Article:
In reviewing these cases, the courts have considered the following theories and facts: trademark law and initial interest confusion, the fact that the adware program may have been voluntarily downloaded by the computer user, the fact that the popup ad makes no alteration or change to the underlying website, and the fact that the popup ad may not have the trademark term in it.
First, let’s see one where defendant loses: Newsweek Interactive Co., LLC, et al. v. The Gator Corp., (E.D. Va. 2002) In this case the court provides a one page order granting a motion for preliminary injunction against defendant. In other words, procedurally this is typically at the beginning of the litigation, where the plaintiff is arguing (a) I am really likely to win this case and (b) as long as defendant is doing these things, I feel pain. The court has not considered the case in depth and the court is not necessarily presenting a detailed finding of fact. In this case, Defendant, the pop-up company, loses. Note why: The Court says the Defendant is enjoined from:
- Causing its pop-up advertisements to be displayed on any website owned by or affiliated with the Plaintiffs without the express consent of the Plaintiffs;
- Altering or modifying, or causing any other entity to alter or modify, any part of any website owned by of affiliated with the Plaintiffs, in any way, including its appearance or how it is displayed…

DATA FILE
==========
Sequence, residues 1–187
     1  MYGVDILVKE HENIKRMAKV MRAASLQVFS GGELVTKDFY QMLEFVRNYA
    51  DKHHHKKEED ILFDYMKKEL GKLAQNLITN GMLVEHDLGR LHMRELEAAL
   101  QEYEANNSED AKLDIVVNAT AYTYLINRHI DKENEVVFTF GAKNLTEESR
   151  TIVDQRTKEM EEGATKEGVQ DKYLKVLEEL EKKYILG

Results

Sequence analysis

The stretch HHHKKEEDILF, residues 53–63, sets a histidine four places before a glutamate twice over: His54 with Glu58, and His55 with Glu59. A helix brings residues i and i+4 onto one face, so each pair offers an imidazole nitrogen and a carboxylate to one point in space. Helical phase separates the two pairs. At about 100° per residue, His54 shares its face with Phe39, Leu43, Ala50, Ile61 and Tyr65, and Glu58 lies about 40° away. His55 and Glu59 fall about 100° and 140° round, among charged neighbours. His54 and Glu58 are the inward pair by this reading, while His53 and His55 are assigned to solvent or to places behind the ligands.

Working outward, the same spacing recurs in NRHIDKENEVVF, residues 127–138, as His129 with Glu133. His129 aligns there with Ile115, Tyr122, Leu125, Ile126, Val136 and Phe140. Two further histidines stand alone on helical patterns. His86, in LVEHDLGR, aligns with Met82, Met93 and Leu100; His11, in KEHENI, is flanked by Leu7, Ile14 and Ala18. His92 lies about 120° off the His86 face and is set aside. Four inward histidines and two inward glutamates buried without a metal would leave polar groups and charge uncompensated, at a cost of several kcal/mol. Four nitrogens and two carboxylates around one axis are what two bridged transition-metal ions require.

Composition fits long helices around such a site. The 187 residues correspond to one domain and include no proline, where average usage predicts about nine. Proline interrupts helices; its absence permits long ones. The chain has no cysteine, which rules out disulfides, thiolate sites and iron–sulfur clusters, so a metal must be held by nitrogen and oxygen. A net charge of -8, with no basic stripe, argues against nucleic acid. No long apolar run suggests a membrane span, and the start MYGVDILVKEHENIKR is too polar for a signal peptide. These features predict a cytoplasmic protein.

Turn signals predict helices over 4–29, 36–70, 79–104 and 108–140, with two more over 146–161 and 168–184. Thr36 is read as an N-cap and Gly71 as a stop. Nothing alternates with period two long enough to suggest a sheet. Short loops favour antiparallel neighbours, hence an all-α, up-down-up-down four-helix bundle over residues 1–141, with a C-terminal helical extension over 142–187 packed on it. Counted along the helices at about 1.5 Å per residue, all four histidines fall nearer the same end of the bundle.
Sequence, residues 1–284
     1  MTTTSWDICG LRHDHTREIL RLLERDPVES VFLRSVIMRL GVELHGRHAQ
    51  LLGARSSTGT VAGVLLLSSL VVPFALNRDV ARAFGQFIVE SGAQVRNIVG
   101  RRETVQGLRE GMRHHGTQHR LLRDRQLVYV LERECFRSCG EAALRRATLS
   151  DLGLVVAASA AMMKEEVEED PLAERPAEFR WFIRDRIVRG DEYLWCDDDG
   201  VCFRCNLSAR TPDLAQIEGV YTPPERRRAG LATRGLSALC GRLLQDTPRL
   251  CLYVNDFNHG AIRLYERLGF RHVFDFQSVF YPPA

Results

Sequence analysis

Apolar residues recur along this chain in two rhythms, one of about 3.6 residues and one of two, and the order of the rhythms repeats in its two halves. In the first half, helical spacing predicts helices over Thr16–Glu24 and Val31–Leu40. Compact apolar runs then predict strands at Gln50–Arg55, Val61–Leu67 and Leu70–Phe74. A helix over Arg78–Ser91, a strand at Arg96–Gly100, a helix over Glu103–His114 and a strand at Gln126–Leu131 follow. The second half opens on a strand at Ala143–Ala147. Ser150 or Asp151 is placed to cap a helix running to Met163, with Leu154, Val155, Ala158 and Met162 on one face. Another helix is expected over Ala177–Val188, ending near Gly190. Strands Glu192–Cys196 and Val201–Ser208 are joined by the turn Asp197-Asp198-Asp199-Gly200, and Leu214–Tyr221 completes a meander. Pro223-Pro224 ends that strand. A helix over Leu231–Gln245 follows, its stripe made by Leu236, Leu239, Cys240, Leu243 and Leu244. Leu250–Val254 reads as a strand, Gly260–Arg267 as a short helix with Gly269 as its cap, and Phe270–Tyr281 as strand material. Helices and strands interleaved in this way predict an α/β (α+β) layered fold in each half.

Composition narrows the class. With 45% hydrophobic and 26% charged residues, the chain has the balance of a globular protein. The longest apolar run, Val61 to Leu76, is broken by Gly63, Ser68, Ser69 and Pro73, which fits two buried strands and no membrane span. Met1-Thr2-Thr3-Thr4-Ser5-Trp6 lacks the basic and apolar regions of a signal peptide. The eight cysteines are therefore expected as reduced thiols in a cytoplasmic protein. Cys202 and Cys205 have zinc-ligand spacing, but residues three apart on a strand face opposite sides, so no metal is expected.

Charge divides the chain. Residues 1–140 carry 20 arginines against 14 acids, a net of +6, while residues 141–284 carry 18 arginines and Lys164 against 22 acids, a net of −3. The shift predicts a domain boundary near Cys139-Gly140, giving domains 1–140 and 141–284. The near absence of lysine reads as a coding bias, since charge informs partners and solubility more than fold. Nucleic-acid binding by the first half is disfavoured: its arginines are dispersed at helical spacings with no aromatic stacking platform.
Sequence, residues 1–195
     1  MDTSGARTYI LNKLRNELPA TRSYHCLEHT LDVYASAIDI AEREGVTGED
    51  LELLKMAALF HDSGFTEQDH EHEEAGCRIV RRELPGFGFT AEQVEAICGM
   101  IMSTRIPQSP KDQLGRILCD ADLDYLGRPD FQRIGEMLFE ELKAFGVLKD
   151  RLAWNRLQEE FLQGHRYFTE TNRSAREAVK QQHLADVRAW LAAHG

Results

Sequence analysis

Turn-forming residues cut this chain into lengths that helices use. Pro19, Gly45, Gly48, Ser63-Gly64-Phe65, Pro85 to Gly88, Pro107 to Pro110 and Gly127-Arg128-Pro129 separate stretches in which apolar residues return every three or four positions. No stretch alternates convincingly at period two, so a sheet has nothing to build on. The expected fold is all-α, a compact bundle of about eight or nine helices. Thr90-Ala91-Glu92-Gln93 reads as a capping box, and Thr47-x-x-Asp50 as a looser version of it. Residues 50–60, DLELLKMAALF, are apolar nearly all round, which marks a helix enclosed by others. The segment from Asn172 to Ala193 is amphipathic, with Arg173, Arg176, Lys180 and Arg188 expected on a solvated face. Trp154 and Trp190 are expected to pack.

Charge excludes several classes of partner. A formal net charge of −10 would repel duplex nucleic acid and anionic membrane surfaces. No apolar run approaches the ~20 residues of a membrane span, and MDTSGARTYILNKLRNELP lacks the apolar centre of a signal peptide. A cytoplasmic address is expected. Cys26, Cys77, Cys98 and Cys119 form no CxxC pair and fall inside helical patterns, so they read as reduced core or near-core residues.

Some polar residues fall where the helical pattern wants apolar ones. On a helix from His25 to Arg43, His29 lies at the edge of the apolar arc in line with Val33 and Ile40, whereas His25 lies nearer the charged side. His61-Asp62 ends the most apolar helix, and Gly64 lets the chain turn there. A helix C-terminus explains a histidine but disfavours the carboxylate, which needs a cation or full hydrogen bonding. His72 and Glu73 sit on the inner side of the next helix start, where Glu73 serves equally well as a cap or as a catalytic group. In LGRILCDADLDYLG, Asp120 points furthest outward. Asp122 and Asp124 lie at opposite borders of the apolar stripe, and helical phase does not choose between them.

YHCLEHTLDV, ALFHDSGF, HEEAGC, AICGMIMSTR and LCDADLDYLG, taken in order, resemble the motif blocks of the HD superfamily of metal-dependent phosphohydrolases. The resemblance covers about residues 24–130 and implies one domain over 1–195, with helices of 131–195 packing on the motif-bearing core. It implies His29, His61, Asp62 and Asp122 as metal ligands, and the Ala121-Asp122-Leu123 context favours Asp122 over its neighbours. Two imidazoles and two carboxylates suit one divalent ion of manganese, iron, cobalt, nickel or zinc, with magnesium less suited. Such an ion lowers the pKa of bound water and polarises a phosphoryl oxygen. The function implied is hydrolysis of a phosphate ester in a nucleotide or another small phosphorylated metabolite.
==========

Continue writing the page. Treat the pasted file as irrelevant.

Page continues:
The court believes that plaintiff’s websites are being mushed (and we have seen in the precedent of the framing cases that if you take someone else’s website and mush it, courts don’t like this).
Most likely you, the reader, are more familiar with how pop-ups work than this judge. When a pop-up appears, is it displayed on the webpage you are attempting to visit? Does it alter or modify that webpage? No! As annoying as pop-ups may be, the judge has his facts wrong. A pop-up is a fully separate browser window that pops-up and annoys you; it is its own webpage. And you sit there playing whack-a-popup, trying to close those things. It is not on the webpage you are attempting to see, nor does it alter it in any way. This distinction will become important in the next set of cases. By the way, Defendant Gator, now known as Claria Corp., reportedly subsequently settled many of these suits out of court.
Next is a set of cases known as the WhenU cases. WhenU apparently distributed adware that caused pop-ups to appear with third-party advertisements. When a website was visited, pop-ups would appear, sometimes from that website’s competitor. The pop-ups appear based on an algorithm WhenU employs to determine what might be relevant to the computer user (in other words, the advertiser does not have the opportunity to buy keywords). When a pop-up appeared, it indicated that it was from WhenU, and it did not include a trademark from the original webpage. Plaintiffs became quite bothered as pop-up ads from competitors magically appeared when people accessed their webpages. There had to be something untoward about this – so plaintiffs complained of trademark violations.